Back to Nature (Published on - May 4, 2005)
Memories sparked by the glow of a winter fire
Photo by Rick Tremmel
Under the parents’ watchful eye, a baby limpkin takes a trial swim.
A mother’s love is a natural gift
Her love is like an island
In life’s ocean, vast and wide
A peaceful, quiet shelter
From the wind, the rain, the tide.
– Author Unknown

We walked near the water’s edge. The day was a clear, cool relief from winter. Around a bend of bulrushes a large, brown, speckled bird stood, wing outstretched while he preened each feather with delicate accuracy. The sun glistened upon his back as he shook the lake water from his feathers.

We stood in respectful silence, but once he noticed our presence he cautiously moved toward the stand of bulrushes where he joined his mate. Keeping our distance, quietly we lifted our cameras following the pair with our lenses. My partner began softly whistling. The limpkin pair soon relaxed, but remained close together as they swam back and forth through the reeds, turning over freshwater apple snail shells and poking at debris.

Long legged wading birds, limpkins, Aramus guarauna, were hunted to near extinction until in 1920 a law was passed to protect them. They are still listed as a Species of Special Concern, possibly due to the limpkin’s dependence upon the apple snail. Although limpkins are widespread in the American tropics, limpkins can only be found near freshwater streams, rivers, lakes and marshland areas in Florida where apple snails are common.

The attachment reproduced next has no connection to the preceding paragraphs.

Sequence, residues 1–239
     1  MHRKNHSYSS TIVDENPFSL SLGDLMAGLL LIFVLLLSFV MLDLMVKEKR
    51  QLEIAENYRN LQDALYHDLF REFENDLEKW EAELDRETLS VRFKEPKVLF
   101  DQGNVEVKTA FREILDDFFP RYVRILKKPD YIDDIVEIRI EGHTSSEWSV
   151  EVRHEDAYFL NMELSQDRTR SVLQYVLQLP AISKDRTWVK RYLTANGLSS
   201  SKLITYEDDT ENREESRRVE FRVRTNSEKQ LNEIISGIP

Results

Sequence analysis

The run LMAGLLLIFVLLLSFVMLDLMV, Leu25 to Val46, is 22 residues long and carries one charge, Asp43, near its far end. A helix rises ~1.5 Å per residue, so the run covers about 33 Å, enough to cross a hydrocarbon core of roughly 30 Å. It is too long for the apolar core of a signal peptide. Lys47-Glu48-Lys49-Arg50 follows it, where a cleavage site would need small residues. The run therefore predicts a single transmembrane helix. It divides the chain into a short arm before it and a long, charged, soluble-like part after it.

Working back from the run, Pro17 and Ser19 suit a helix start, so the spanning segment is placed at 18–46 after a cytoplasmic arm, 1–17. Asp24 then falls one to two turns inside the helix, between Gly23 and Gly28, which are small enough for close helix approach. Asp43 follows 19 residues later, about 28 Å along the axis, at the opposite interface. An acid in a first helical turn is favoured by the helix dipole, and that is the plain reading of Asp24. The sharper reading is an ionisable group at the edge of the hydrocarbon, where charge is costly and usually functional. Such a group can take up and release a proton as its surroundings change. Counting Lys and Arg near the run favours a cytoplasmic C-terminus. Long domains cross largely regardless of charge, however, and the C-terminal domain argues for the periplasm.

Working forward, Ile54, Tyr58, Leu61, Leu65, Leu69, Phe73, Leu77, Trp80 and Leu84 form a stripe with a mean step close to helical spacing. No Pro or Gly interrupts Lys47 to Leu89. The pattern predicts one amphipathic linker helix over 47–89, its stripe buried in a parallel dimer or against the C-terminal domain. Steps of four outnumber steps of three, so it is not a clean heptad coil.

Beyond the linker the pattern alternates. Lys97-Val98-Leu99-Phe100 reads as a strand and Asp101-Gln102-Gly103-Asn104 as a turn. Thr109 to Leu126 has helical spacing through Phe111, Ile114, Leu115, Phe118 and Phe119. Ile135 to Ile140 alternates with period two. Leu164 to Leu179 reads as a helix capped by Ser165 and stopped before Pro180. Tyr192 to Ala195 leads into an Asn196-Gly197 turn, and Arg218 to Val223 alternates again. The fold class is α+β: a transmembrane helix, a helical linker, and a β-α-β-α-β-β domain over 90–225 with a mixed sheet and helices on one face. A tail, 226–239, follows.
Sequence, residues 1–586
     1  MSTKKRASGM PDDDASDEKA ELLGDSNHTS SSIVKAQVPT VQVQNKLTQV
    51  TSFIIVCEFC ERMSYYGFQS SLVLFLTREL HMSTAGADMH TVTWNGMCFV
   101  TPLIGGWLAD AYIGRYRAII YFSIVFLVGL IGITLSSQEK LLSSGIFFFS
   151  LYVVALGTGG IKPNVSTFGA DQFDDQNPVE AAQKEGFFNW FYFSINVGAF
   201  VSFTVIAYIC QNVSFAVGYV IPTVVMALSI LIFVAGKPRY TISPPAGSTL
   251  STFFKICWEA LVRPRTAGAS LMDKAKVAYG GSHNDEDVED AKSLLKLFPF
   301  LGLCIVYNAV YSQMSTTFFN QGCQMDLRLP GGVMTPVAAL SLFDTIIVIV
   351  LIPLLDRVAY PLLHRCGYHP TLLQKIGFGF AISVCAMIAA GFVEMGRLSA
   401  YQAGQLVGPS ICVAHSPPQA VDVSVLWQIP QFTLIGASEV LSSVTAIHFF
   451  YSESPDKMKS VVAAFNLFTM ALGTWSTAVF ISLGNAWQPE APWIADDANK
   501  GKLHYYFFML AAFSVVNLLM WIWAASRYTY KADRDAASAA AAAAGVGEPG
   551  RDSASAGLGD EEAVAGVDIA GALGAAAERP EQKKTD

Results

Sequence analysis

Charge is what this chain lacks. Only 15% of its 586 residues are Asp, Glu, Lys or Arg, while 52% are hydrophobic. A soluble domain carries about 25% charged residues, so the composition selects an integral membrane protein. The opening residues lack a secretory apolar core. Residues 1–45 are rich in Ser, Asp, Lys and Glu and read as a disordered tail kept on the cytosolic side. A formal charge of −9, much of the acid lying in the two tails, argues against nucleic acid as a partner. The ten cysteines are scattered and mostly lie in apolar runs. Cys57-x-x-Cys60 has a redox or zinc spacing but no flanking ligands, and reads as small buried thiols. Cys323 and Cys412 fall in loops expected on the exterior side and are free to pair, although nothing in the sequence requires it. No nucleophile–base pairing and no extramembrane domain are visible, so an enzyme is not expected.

Limpkins are between 22 to 28 inches tall with a wingspan of 42 inches. They are predominantly dark brown with a splash of heavy white spots upon their backs and necks.

Little is known about limpkin breeding habits. They seem to be very adaptable in where they choose to build their nests, from the edge of marshland water, to ground level, but, as well, it has been noted that sometimes they will choose to nest in trees up to 20 feet high or higher. Their nests are made of plant material including reeds and grasses.

Limpkins lay between two and four olive to buff colored eggs. The young chicks are “precocial,” i.e.: as young chicks they follow their parents but find their own food and can usually swim on their own within the first couple of days of hatching.

Except during breeding time the limpkin mostly remain solitary. They are not commonly noticed in the wild, due to their excellent camouflage. However, limpkins certainly can be heard at dusk, dawn, night and on cloudy days by their piercing cry or wail, a repetitious: kree-ow, kra-ow, kurr-ur-ee-oww, earning them the name of “crying bird.”

The water sparkled with the rising sun, as we watched the pair of limpkins with delightful curiosity. One bird stayed within the reeds while the other moved about on land walking back and forth from the marsh’s edge to higher ground. Then he joined his mate for a swim. It was at this time we realized why the other bird had remained hidden within the reeds. Tucked between father and mother was a tiny ball of gray fluff. Both parents gently prodded the nestling with their long beaks encouraging the little one to stay close.

Under cautious eyes they took the baby for a trial swim back and forth from the nest and along the shore foraging. We sat in silence. The father proudly strutted about the nest protective, on guard, as the mother then tucked her little one under her wing in safe concealment and back to rest. We realized it was time for us to go and leave this family in peace. Feeling blessed to spend a moment with this caring couple we quietly continued upon our journey back to nature.

As I write this column, a mom with her five newly hatched little ducklings have taken up residence in the quiet seclusion of our back yard. They are an inspiration. Happy Mother’s Day!

Karen can be reached at

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